It opened during the depths of the Great Recession, when most businesses were running scared. Barnes & Thornburg, however, stuck to its plan of opening four offices that year. Columbus was one of them and the move had paid off with steady growth fueled by top talent, a focus on collegiality, and an outsized community presence.
A decade later, Barnes & Thornburg’s Columbus office has gone from two lawyers to 24 and to a modern office high above downtown Columbus. Bill Nolan, Columbus managing partner who helped establish the firm’s presence in Columbus, and Kelly Atkinson, office administrator and the firm’s diversity and inclusion coordinator, recently discussed the last 10 years, the challenges of opening a law office, and what’s to come.
What have been the watershed moments in Columbus?
BN: Opening the office, especially because of when we opened it, stands out. Columbus was one of four offices Barnes & Thornburg opened in 2009, and the firm stuck with that plan despite the economic crisis. That set a tone of entrepreneurialism and confidence.
Three years later, we moved into our current office space on the 33rd floor of the Huntington Center, the premier office building in Columbus. The views and the openness of the space have become a defining aspect of who we are. We have made our space a community space, too, offering it to clients, nonprofits, and other friends for their meetings and events.
Lastly, while we have steadily grown, our biggest single step was the addition of the real estate group from my old firm joining us in 2014 – eight lawyers, two paralegals and two legal administrative assistants. That gave us a new level of critical mass.
KA: Another moment that comes to mind is when we decided to sponsor the Women’s Fund of Central Ohio’s Gender By Us Toolkit in late 2016. That marked the beginning of our intense focus on diversity and inclusion, especially in the Columbus legal market. We of course always cared about creating an inclusive culture for our talent, but this was the point at which we started to become known for a commitment to it outside of the firm as well. It’s been an honor to be a part of creating such an invaluable reputation in our community.
How has the office changed?
BN: In 2009, we were a classic startup, originally planned to be a “labor and employment outpost.” Now, mostly one and two lawyers at a time, we’ve become a full-service office with many high-profile and established lawyers. To give just one recent example, in 2020, three of our lawyers were recognized as Best Lawyers’ Lawyers of the Year. That’s a high percentage!
We also have a diversity of age and experience levels, giving us both prominent senior practitioners and a strong foundation for growth. For example, there has been a new partner who has grown through the ranks each of the last three years. (I also have to mention that we have zero partner departures, which is almost unheard of for a growing office.)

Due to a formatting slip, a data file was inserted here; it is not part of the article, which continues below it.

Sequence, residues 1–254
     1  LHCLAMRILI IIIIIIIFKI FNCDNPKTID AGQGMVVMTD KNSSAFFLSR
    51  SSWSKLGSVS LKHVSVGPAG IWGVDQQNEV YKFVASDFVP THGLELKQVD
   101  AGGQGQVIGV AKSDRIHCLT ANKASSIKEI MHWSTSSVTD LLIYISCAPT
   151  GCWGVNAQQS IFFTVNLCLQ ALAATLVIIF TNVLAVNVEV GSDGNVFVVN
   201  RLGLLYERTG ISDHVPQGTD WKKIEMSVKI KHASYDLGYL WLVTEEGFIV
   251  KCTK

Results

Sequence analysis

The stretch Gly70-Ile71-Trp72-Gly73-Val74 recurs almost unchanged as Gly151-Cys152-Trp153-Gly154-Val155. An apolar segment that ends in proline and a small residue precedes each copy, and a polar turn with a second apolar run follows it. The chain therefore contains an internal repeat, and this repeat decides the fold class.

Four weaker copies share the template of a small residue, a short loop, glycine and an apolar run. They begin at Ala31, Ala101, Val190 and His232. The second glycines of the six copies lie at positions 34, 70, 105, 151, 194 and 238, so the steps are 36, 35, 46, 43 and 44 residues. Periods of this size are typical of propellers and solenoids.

On the business services support side, we’ve developed a more flexible staffing model, relying less on traditional law firm titles and roles and enabling us to move people from entry-level positions into spots that suit their strengths and interests. We get so many compliments internally and externally on our team, and it never gets old.
For an office our size, we have a big community profile. David Paragas was Board Chair of the United Way of Central Ohio. Katrina Thompson has been President of the Women Lawyers of Franklin County. Kelly Atkinson is about to be Vice Chair of the Columbus Metropolitan Club. I am Chair of the Columbus Bar Association Managing Partners’ Diversity Initiative. Just to name a few. Inclusion and diversity efforts have been a big part of our profile as well, and we have been recognized for those efforts.
KA: We’ve become better and better at identifying each person’s strengths and aligning those with the office’s needs. We genuinely care about our colleagues and we all know each other well enough to ensure that individual needs are being met while also realizing our full potential at work. I’m very proud to work for a firm that values not only individuals for what they contribute, but also for who they are.
How do you see the office – and Central Ohio – evolving in the coming years?
BN: I expect continued steady growth while advancing our leadership in the areas of innovation, diversity and inclusion in the Columbus market. I also see our associates and younger partners taking on greater firm and community leadership roles and moving the office in a positive direction, and continued strength and innovation from our great business services team.
I’m bullish on our growth because of the strength of our firm and the vibrancy of the Central Ohio market. There’s hardly a list of “best” or “fastest” cities that doesn’t include Columbus these days. It’s always been a great place to live with a strong economy, a great quality of life, and an unsurpassed spirit of collaboration, but somewhere in the last decade the rest of the world started noticing.
We have a broad-based economy, which is the main reason the region has continued to thrive while other parts of the Midwest have struggled. And whether it’s adding significant capabilities in areas such as real estate, government services, business litigation, creditors’ rights, healthcare, or workers’ compensation over the years – I’m proud of how our office has grown up right alongside Columbus over the past 10 years. Columbus is a great fit for Barnes & Thornburg.
KA: As Bill mentioned, Columbus is a pretty amazing place to be, and we intend to take full advantage of that energy. We will undoubtedly continue to align our values with others in the community who share our love of relationships and integrity in business. I’m excited to see where that takes us as more people recognize this office’s authenticity. It’s an honor to help the firm push forward in Columbus and across the country.